"Based on the conviction that only translators who write poetry themselves can properly re-create the celebrated and timeless tragedies of Aeschylus, Sophocles, and Euripides, the Greek Tragedy in New Translations series offers new translations that go beyond the literal meaning of the Greek in order to evoke the poetry of the originals. Under the general editorship of Peter Burian and Alan Shapiro, each volume includes a critical introduction, commentary on the text, full stage directions, and a glossary of the mythical and geographical references in the play." "Regarded by many as Euripides' masterpiece, Bakkhai examines both the horror and the beauty of the religious ecstasy that Dionysos brings to Thebes. His offer of closeness to nature and freedom from the constraints of civilization, especially for women, excites bitter resistance as well as fanatical acceptance." "Disguised as a young holy man and accompanied by his band of Asian worshipers, the god Dionysos arrives in Greece at Thebes, proclaims his godhood and his new religion, and drives the Theban women mad. When the Theban king, Pentheus, tries to imprison him, Dionysos afflicts Pentheus himself with madness and leads him, dressed as a bacchant, to the mountains, where his own mother, Agaue, and her companions tear him to pieces in an insane Bacchic frenzy." "In its balance of emotional intensity and classic form, Bakkhai exemplifies Greek tragedy at its most powerful." --Book Jacket.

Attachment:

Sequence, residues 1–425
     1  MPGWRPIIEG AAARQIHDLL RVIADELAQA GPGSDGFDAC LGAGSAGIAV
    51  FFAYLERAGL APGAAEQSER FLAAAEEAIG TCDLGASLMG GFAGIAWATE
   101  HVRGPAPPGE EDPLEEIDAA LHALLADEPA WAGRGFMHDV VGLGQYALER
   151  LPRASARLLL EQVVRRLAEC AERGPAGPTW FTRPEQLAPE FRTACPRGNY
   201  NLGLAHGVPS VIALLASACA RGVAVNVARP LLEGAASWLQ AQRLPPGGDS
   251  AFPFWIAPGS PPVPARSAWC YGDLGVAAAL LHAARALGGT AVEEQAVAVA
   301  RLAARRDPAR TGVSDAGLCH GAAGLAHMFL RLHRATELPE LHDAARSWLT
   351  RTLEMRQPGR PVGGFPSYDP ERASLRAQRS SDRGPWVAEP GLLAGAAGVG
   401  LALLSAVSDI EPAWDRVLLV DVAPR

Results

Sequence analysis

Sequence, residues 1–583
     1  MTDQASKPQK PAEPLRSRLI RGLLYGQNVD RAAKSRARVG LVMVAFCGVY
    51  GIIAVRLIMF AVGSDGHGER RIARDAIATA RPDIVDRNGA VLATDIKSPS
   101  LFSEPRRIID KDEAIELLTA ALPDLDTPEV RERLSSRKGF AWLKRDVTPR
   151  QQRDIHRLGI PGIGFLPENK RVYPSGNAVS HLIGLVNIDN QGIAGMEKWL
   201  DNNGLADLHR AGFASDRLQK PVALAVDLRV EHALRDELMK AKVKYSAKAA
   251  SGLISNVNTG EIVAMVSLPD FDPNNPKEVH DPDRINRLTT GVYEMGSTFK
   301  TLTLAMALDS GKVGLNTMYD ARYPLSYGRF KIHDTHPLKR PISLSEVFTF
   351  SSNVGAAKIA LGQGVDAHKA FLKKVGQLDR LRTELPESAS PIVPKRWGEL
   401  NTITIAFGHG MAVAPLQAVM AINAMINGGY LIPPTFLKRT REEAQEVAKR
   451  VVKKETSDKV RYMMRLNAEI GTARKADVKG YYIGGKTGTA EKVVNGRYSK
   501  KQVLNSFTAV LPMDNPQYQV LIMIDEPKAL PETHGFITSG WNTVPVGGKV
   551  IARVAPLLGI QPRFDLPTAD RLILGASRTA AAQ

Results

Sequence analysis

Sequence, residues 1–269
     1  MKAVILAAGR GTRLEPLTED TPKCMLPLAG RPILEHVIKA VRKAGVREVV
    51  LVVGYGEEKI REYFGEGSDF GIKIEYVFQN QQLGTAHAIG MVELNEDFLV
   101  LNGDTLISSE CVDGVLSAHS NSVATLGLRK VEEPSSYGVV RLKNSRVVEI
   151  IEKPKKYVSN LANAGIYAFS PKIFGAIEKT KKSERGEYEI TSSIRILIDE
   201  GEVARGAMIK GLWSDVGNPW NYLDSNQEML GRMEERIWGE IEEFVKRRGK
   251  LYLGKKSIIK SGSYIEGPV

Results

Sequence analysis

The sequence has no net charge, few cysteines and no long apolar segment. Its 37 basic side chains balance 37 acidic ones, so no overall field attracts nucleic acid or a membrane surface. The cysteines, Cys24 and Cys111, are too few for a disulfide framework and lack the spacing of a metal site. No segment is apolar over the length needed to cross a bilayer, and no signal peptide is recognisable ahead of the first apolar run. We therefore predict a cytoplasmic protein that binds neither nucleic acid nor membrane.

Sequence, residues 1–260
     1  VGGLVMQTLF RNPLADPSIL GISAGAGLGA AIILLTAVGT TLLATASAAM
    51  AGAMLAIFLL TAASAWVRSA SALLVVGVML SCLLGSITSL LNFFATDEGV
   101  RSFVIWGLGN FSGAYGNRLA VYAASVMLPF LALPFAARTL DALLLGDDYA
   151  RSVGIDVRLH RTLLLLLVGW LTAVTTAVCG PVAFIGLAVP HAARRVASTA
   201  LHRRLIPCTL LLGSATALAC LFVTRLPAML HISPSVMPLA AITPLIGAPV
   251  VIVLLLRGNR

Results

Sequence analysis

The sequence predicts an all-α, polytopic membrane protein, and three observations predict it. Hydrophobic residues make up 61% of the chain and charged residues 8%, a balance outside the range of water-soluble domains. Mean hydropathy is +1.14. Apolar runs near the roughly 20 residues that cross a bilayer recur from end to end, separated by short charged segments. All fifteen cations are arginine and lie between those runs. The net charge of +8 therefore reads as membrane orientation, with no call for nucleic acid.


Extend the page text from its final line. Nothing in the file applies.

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ON THE TRANSLATION
NOTES ON THE TEXT
RECONSTRUCTION OF THE FRAGMENTARY ENDING
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Aeschylus Agaue Agaue's lament Aktaion ancient Greek Antigone antistrophe Aphrodite associated Athens Autonoe Bacchae bacchants Bakkhai Bakkhic Bakkhos barbarian beast birth blessed body bring Bromios bull child chorus chorus's Christus Patiens cult dance daughter of Kadmos death Dion Dionysiac Dionysiac worship Dionysos divine Dodds dramatic dress E. R. Dodds earth ecstasy ecstatic Ekhion English epiphany Euripides exile father fawn skin female festivals god's goddess gods Greece Greek tragedy Hades hands head Hera holy honor hunt Kadmos killed king Kithairon lacuna lines Lydian madness maenads male manuscript Messenger's speech meter mortal mother Mount Kithairon mountain mysteries myth nature Oedipus palace passage Pentheus physis play Poetics punishment reference revels Rhea rites ritual role royal house scene Seaford SECOND MESSENGER Semele sing sisters song Sophocles sparagmos stage stasimon Stranger strophe suffer Teiresias Theban Thebes thyrsos translation vases wild wine women words young ysos Zeus